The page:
At this time of year, I start getting excited about the seeds I will sow for the coming summer months.
We will fill most of the boxes with tomato plants, not one of them to produce a red tomato though - only yellow and purple ones here. Last year I also started to experiment with edible flowers and we put nasturtiums, borage and radish flowers in salads.
This year I hope to continue along these lines, perhaps with a few herbs and some alpine strawberries to add to the collection.

For now, this is the courtyard, bare and grey; but we hope to update the pictures over the coming months so you can see the progress and some of our courtyard produce in action.

Monday, 4 April 2011

Just Like Bruno Used to Make....

Pizza is something we indulge in roughly once a fortnight. We all love it. Although we still eat it at the table, it is a less formal meal than usual. No cutlery or napkins, just kitchen roll and the pizza slicer; no tablecloth or tablemats, just our plates the board that the pizza sits on; no water jugs or expensive carefully matched bottles of wine, just a cold Peroni each and of course some juice for M.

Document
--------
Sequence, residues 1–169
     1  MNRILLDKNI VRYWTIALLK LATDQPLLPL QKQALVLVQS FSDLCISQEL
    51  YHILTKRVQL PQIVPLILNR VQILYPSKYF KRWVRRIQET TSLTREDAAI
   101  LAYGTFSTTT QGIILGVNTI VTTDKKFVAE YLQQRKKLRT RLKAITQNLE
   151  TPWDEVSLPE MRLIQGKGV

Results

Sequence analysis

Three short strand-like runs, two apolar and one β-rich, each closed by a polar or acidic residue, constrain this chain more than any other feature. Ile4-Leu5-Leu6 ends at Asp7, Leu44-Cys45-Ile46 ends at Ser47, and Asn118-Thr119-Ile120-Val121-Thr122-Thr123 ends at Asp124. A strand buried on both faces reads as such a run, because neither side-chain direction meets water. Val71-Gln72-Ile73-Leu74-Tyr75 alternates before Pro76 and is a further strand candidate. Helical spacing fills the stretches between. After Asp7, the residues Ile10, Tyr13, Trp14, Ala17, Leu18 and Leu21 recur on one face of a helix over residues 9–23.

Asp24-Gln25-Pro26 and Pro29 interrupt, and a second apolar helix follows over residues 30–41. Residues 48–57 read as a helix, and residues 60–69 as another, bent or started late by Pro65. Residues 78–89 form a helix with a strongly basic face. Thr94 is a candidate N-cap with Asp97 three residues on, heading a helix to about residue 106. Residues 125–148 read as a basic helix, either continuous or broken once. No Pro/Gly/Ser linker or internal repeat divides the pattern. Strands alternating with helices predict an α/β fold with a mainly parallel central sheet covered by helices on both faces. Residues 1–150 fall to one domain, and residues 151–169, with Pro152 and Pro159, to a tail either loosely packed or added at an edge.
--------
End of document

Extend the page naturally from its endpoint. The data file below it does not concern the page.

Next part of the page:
Of course, we all have our own favourite topping too - spinach and olives for M; mushrooms, red onion and chilli oil for L and more often than not, four cheeses for me. Each and everytime we have pizza, I make it from scratch. At around four o'clock, you'll find me in the kitchen and a dining chair at my side with my little helper on tiptoes trying to pour the flours into the kitchenaid bowl and stirring the yeast into the warm water. She is the second generation of Hereford-based pizza makers in the Pavi Degl'Innocenti family and already takes the preparation just as seriously as the eating. Though she is not prehaps old enough to understand that its not necessary to eat the preparation before it is cooked.